Thursday, March 19, 2015

Mozambique listening

Here is a YouTube playlist of the tracks cited in the Mozambique variations post, plus a few things:

After the break I'll give some brief notes on some of the tracks:

Eddie Palmieri — Melao Para El Sapo / Molasses
You can clearly hear the thing I call “Manny Oquendo's way” on yesterday's page, played on the low timbale, with mostly dead strokes, and a rim shot on the & of 2 of the second measure of the groove. At 0:37 you can hear the abanico— the stock set-up for the band entrance after the break— also referenced in the pdf.

Eddie Palmieri — Mi Mambo Conga / Mozambique
At 0:17 is the abanico; the first note of it is also the end of the horn line. In initially playing along with these tracks, you can sit out during the ensemble breaks, and just work on the groove. The tempo picks up for the timbale solo.

Eddie Palmieri & Cal Tjader — Bamboleate / Bamboleate
These first three are the most classic Mozambique tracks I know of. The abanico happens at the beginning of the tune, minus the first rim shot.

Eddie Palmieri — Comparsa De Los Locos / Vamanhos Pa'l Monte
The first of the fast ones— pay attention to the interpretation of the bell part on these. The drum set is accenting the snare drum on the “bombo” hits here.

Eddie Palmieri — Camagueyanos Y Habaneros / Mozambique
Very bright. It sounds like he's playing up on the neck of the cowbell.

Eddie Palmieri — Interlude / Lluvia De Estrellas Tico & Alegre
The Mozambique section begins after the bongo solo, at 3:40.

Eddie Palmieri — Carnaval En Camaguey / Molasses
A rare (in my listening) medium tempo Mozambique. Again, you can hear Manny Oquendo's thing on the timbales at the beginning. The bell pattern has a different emphasis than the other versions here. It begins in 2-3 Son clave, like most of the examples I've heard, but seemingly shifts to 3-2 between 0:30-1:00. As this is usually done, there is no break in the rhythm; the change from 2-3 to 3-2 happens as a result of an odd phrasing in the rest of the ensemble. It seems to happen based on the vocal part at 0:47— before that, it's very hard for me to hear it in 3-2, and after that, it's very hard to hear it in 2-3.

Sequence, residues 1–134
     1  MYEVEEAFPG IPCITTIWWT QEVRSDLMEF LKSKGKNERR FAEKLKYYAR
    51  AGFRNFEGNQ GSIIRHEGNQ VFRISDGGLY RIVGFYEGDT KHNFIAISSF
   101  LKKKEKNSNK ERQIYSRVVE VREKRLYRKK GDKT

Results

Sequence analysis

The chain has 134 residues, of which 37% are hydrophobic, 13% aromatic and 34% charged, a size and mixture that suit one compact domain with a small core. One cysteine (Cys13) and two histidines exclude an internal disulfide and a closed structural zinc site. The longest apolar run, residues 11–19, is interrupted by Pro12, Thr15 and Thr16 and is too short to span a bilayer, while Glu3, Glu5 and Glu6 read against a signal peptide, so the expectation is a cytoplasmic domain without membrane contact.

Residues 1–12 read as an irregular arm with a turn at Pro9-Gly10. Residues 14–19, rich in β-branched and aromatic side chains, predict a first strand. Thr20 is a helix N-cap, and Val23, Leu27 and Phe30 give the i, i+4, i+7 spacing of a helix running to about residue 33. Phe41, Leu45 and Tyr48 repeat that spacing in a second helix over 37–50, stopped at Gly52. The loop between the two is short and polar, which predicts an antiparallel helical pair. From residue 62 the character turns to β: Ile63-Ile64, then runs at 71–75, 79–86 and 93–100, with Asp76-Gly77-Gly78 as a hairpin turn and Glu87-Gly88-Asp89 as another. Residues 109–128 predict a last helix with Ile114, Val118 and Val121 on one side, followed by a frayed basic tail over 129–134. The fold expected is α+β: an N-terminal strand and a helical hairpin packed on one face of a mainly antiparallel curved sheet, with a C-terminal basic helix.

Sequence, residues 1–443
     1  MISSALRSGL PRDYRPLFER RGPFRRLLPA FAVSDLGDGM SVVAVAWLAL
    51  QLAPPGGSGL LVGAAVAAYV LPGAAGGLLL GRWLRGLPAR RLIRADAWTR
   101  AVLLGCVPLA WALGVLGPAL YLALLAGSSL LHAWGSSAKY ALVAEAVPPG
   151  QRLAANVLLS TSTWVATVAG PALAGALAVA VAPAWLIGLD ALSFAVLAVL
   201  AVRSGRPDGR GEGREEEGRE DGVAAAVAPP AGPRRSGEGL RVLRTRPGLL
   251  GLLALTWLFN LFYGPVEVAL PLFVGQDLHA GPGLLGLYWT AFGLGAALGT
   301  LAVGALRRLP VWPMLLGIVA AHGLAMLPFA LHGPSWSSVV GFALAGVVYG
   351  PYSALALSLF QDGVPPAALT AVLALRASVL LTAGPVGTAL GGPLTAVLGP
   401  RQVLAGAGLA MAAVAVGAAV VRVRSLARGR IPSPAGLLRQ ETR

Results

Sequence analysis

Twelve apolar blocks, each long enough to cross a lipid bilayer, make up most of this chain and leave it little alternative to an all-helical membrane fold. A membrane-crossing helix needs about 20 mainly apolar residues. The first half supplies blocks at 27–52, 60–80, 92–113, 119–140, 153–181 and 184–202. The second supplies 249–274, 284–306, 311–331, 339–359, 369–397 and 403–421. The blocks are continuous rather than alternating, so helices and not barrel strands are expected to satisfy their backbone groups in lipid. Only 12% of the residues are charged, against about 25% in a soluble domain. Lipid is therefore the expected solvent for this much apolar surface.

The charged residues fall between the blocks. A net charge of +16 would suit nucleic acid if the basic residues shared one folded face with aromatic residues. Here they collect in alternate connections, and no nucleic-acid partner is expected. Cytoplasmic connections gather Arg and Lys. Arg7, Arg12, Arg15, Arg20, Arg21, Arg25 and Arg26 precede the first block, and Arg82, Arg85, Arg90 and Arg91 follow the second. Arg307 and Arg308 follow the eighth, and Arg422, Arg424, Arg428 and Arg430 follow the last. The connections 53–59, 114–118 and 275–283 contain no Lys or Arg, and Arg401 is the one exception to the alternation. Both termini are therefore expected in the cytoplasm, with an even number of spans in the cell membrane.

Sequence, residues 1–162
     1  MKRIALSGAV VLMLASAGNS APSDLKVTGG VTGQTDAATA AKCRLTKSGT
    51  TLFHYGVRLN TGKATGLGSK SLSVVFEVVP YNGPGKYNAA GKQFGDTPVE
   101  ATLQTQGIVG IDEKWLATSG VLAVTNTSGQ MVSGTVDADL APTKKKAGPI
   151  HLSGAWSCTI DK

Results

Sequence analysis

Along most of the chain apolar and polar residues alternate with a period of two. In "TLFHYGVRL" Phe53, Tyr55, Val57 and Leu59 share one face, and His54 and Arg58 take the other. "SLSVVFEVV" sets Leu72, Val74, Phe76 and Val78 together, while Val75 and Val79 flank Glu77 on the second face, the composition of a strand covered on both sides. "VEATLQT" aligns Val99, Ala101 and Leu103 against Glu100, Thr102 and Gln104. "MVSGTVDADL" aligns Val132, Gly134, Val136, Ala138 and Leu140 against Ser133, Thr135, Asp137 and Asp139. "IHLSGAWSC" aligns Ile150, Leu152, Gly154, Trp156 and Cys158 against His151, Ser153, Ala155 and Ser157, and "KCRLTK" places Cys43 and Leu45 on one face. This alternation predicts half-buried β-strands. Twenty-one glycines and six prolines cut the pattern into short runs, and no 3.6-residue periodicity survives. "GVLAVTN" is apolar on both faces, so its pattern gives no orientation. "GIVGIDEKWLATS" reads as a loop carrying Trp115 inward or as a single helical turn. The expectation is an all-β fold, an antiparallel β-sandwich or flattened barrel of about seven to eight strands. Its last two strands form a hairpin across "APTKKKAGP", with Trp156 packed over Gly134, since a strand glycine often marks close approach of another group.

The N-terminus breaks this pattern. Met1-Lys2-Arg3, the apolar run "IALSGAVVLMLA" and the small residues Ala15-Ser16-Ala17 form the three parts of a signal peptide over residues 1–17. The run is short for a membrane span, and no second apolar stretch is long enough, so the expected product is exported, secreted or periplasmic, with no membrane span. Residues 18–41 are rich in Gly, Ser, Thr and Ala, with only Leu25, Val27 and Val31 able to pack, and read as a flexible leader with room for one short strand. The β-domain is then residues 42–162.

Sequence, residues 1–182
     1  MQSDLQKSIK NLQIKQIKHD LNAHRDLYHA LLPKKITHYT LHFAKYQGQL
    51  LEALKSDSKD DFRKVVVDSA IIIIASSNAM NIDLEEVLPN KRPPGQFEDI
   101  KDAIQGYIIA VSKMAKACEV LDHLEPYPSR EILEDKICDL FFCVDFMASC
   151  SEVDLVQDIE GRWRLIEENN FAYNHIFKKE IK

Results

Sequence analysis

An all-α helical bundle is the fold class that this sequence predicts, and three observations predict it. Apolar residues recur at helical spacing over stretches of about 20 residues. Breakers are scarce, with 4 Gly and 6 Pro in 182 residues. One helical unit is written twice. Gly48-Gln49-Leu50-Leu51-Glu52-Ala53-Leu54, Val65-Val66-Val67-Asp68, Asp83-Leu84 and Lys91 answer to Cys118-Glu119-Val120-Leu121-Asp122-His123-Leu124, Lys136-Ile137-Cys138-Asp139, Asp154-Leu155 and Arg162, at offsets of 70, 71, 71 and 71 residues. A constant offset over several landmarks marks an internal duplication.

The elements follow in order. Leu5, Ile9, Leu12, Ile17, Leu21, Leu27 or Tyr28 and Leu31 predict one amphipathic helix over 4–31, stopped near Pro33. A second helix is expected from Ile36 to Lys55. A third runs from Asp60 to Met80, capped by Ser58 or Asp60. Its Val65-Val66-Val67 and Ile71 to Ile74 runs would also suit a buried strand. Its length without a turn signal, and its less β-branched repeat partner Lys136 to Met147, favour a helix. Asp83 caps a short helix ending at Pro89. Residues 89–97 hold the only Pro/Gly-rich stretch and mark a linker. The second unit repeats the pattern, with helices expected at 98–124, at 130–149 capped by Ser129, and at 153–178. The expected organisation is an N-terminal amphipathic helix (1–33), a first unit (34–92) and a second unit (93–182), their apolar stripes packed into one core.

Eddie Palmieri — Campesino - El Pregon De La Montana / Molasses
This piece seems to allude to a more traditional Son-Montuno vibe? I do not have my Cuban genres at all sorted out, so anyone with better knowledge than me, please comment.

Eddie Palmieri — Bomboncito De Pozo / Molasses
Another one that starts in 3-2, and shifts into 2-3 coming out of the break at 0:53. Again, that's accomplished by an odd number of measures in the horn break, so the new phrase lands on the 2 side of clave. No one is actually playing the clave rhythm in these examples, so you have to listen to the bell part— the quarter notes at the beginning of the measure happen on the 2 side. In these 3-2 examples, the groove feels very unstable in the percussion, since that orientation puts the syncopation in the bell part at the beginning of the groove.

Bobby Valentin — Descarga En Mozambique / Let's Turn On
Mozambique played by a band other than Eddie Palmieri.

Louie Ramirez — Louie's Mozambique / In The Heart Of Spanish Harlem
And another; maybe this is more of a Boogaloo band? The vibe is rather different from what we've heard so far. They play the 1 stronger than Palmieri's band, and emphasizes the & of 2 less.

Paul Simon — Late In The Evening / One-Trick Pony
With drumming by Steve Gadd, this tune (and Gadd's video Up Close) is how most Anglo-American drummers (like me) were exposed to this groove. Obviously, it's very different from the Latin-American version, with a strong accent on 1, and a four on the floor or samba-type bass drum rhythm; and the rest of the ensemble is not playing any of the normal Latin parts. Gadd plays the bell part cascara-style, on the rim of a tom tom. His left hand part was sketched out in my earlier Page of Mozambique.

Pello El Afrokan — Mozambique / Cuban television appearance 
The original, Cuban Mozambique, derived from Conga de Comparsa, with a trumpet fanfare alternating with a vocal chorus. The instrumentation is different, and the parts, while having a similar vibe, are also different. The “Mozambique” vocal line, and variations on it, occurs in both the Cuban and New York versions of the style.

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